I have one sender, and a small number (~5) of recipients. The sender knows each recipient's public EC key. I want the sender to broadcast a single message in such a way that any one of the recipients can decrypt it. For reasons that aren't completely technical, I'd like the security properties of the encryption algorithm to be as similar as possible to those of Bitmessage, which uses ECIES, with AES and HMACSHA256 as the symmetric cipher and MAC. I'd like the encrypted message to be as small as possible.
After a brief search, I couldn't find any "standard" (well-studied, or used somewhere high-profile) extension of ECIES for this case. I can obviously:
- Choose a random session symmetric encryption key and session MAC key.
- Symmetrically encrypt and MAC the message.
- Asymmetrically encrypt the session keys with ECIES, once per recipient.
Then I can broadcast a concatenation of the encrypted message and encrypted session keys, and any recipient can decrypt his copy of the session keys and decrypt the message. That adds a lot of overhead, though. So, using Wikipedia's variable names:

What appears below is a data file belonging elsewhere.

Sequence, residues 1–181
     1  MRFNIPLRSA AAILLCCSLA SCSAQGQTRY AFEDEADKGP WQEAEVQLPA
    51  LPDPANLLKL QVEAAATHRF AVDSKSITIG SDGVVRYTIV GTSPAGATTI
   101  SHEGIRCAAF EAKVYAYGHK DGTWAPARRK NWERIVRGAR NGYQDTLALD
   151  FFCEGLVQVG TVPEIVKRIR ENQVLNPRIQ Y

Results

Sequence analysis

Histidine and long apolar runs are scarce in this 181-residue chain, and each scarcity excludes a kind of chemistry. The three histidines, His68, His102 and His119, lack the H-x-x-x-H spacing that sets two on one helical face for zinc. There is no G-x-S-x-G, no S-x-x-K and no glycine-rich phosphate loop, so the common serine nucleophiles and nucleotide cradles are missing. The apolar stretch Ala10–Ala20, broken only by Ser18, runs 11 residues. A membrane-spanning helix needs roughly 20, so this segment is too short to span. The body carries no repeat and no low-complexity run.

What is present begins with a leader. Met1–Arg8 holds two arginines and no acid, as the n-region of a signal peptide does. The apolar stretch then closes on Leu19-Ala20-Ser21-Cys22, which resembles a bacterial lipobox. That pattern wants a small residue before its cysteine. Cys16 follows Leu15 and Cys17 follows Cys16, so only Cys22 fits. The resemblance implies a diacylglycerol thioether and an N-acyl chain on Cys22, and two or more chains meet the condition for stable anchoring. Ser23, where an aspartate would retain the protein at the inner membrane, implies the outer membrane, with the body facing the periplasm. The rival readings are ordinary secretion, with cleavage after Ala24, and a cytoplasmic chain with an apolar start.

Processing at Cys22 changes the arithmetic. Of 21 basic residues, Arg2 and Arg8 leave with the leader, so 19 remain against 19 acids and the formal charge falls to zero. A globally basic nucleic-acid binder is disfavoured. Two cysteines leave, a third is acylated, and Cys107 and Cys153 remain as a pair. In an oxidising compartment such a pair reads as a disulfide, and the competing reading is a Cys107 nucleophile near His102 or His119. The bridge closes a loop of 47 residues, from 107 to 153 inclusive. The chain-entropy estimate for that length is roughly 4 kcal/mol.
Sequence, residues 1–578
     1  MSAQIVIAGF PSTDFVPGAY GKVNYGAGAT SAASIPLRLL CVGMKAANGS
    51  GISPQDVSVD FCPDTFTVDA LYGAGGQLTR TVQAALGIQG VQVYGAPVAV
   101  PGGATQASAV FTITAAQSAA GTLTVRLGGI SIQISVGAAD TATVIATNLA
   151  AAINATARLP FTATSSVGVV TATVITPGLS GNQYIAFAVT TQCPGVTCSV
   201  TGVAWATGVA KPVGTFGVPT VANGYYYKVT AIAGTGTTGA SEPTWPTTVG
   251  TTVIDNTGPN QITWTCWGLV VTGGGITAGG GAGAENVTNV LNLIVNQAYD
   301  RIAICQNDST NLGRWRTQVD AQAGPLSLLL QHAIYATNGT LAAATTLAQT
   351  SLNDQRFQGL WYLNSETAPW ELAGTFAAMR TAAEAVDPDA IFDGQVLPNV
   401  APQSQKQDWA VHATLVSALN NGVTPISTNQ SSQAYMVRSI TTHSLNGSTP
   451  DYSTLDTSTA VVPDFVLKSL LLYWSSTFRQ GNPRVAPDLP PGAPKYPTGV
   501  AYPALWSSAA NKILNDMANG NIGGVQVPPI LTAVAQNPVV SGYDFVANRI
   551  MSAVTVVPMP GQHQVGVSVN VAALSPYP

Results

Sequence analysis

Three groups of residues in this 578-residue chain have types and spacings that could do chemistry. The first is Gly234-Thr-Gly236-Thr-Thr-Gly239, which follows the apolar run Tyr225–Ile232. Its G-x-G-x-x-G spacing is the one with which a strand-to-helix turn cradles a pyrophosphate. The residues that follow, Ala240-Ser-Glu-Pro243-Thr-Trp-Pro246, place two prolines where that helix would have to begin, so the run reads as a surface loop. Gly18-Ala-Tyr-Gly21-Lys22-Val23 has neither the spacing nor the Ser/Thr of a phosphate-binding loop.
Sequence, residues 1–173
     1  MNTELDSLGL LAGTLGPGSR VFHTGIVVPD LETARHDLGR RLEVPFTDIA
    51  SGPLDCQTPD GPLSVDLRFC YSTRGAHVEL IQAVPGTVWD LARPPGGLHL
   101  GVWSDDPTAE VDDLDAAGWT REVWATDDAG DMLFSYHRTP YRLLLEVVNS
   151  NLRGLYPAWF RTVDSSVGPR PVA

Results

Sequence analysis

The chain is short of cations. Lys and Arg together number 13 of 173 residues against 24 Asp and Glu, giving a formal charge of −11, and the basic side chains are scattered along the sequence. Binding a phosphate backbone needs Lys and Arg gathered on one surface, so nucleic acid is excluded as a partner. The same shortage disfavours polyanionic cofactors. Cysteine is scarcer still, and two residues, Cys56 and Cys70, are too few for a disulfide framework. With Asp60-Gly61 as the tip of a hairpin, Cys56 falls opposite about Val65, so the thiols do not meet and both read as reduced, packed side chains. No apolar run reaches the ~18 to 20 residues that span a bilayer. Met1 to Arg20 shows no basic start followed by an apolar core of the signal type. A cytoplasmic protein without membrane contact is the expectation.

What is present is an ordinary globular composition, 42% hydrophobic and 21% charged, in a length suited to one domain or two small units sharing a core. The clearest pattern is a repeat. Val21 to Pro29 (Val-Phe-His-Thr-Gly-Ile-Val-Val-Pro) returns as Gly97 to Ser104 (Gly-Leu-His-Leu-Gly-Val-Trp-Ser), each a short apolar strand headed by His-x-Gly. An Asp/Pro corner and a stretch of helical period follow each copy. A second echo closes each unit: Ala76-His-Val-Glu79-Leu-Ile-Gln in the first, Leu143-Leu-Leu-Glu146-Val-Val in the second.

- When I do ECIES, can I omit the MAC $d$?
An attacker doesn't gain anything by tampering with the session key, since that just causes the inner decryption or MAC check to fail.The answer is "no" here if we naively encrypt-then-MAC the inner message, more complicated otherwise as discussed below.
- Can I use the same ephemeral EC pair $R = rG$ for all recipients?
- Can I use the same IV for all invocations of the symmetric cipher (once per recipient in ECIES, plus once for the message itself)?
- If the total length of my session keys is the same as the length of my $KDF()$ output, then can I get rid of the symmetric cipher $E(k_E;m)$ used within ECIES entirely, and replace it with $k_E \oplus m$? That would obviously render question 3 irrelevant.
I think the answer is "yes to all", but some of these look potentially subtle. Thanks!